There’s much more I could say about Selling Through Your Heart. Shirlene is definitely a master of the soft sell, which has led to her personal success. There are plenty of books on sales out there, but this one stands apart because it really teaches readers how to connect on a human level, which results in a more fulfilling experience for both the salesperson and the customer.

For more information about Shirlene Reeves and Selling Through Your Heart, visit the author’s website.

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Book Review: ‘The Puzzled’ by James F. Johnson https://blogcritics.org/book-review-puzzled-james-f-johnson/ Wed, 24 Jan 2018 18:17:00 +0000 https://blogcritics.org/?p=5481904 The final novel in Bullies and Allies series, 'The Puzzled' by James F Johnson, puts all the pieces together.

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In The Puzzled, James F. Johnson brings all the pieces together from his first two books to reveal some shocking secrets about Kyle Rickett’s past. This third and final book in the Bullies and Allies series follows Disaster Island and The Goat Driver.

In Disaster Island, readers were introduced to thirteen-year-old Kyle’s dysfunctional family, as well as the pediatrician, Dr. Krieg, whom Kyle has vague memories of having molested him as a child. Unfortunately, Dr. Krieg is Kyle’s father’s only friend, and now that Kyle is older, that doesn’t deter Krieg’s behavior. Kyle is surrounded by bullies at school and at home, while simply trying to survive.

When things reach a crisis point, his family, not knowing how to deal with him, sends him for the summer to his Grandpa Louie in Minnesota. In The Goat Driver, Kyle arrives in Minnesota. During the summer, he makes a new friend, a young man named Tuck, who teaches him the true meaning of friendship and how to stick up for himself when he returns home.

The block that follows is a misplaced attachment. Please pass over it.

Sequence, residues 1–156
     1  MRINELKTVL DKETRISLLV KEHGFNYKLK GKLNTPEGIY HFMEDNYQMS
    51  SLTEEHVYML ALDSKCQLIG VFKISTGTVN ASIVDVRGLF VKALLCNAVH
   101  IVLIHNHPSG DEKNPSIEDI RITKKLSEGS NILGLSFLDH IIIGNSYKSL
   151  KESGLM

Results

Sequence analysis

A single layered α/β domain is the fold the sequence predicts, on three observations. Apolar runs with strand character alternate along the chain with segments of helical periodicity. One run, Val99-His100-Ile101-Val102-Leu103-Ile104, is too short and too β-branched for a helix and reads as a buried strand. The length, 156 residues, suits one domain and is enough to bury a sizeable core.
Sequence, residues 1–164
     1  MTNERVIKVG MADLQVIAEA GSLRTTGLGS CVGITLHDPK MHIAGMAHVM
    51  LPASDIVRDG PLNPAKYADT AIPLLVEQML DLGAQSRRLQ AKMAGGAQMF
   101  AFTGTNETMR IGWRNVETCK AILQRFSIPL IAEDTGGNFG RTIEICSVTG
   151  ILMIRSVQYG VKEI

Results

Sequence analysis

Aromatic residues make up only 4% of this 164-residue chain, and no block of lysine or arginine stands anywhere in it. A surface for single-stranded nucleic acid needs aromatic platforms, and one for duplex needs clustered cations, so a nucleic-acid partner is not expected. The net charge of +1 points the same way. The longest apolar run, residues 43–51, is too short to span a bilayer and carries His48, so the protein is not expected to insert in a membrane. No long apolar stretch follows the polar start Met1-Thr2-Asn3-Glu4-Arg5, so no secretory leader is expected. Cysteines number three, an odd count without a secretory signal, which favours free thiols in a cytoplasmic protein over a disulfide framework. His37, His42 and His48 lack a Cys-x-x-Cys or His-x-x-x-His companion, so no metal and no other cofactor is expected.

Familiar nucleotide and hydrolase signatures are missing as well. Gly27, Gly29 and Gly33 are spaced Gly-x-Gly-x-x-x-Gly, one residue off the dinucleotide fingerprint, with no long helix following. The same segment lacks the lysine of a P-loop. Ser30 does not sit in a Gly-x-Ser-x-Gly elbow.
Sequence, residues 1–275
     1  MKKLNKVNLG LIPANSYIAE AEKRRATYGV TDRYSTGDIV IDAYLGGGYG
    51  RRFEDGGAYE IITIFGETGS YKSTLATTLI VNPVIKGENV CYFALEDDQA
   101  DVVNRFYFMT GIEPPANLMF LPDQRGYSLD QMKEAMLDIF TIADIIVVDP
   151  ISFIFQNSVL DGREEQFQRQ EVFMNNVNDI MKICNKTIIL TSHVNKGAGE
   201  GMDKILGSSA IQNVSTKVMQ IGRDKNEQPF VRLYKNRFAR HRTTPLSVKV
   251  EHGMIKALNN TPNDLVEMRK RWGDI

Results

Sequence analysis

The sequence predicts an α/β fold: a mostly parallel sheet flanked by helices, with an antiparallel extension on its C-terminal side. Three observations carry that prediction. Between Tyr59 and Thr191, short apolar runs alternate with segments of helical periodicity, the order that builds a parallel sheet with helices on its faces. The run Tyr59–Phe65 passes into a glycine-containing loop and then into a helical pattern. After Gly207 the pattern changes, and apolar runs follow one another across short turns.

When The Puzzled opens, Kyle has just returned home to Torano Island in Washington. He is more self-confident than before, and with Tuck’s secret support, Kyle is able to face several, but not all, of his bullies. His sociopathic sister Fran still continues to stir up trouble in the family, driving a wedge between Kyle and his parents. Kyle is continually afraid of what she will say; she is always willing to expose family secrets as well as tell lies or just guess until she hits upon the truths of situations.

Outside his immediate family, Kyle has other issues to deal with. He remains an outcast at school, although he learns how to cope with the situation better. When Dr. Krieg is accused by an anonymous caller of molesting children and leaves his practice, Kyle is deadly afraid that whoever knows about Krieg’s activities also knows he was one of Krieg’s victims. He fears when that knowledge is exposed to the public, it will ruin his life.
The Puzzled by James F. Johnson
Fortunately, Kyle has found his allies. He maintains a secret correspondence with Tuck, who, despite being far away in California, continually supports him and even lets him know that if it ever becomes necessary, he will come to Torano Island to rescue him. Closer to home is Kyle’s neighbor and best friend, Connor.

Kyle has kept secrets from Connor all these years, afraid if Connor knew how he was treated in Catholic school, he wouldn’t be his friend either. But when Connor and Kyle begin high school together, they are able to bond even more and Kyle is able to leave the bullies from his Catholic school past behind him. Eventually, Connor and Kyle begin their own radio show, which becomes a hit on Torano Island. Soon, Kyle finds that he is popular and well-liked. The radio show and his friendship with Connor allow him to see possibilities for his future.

But the future still requires coping with the past. Although as yet undiagnosed, Kyle is suffering from PTSD from his abusive childhood, which causes him at times to revert to dangerous behavior—both suicidal and sexual. He soon realizes that his biggest enemy may be himself.

The Puzzled comes to a very satisfying conclusion. James F. Johnson does an excellent job of bringing together all the issues Kyle has faced in the past and showing how he works through them. This book—and, indeed, the entire series—is more than just an entertaining novel. It will raise awareness of family dysfunction, PTSD, sociopaths, child abuse, and many other issues that cause people to find life difficult to deal with.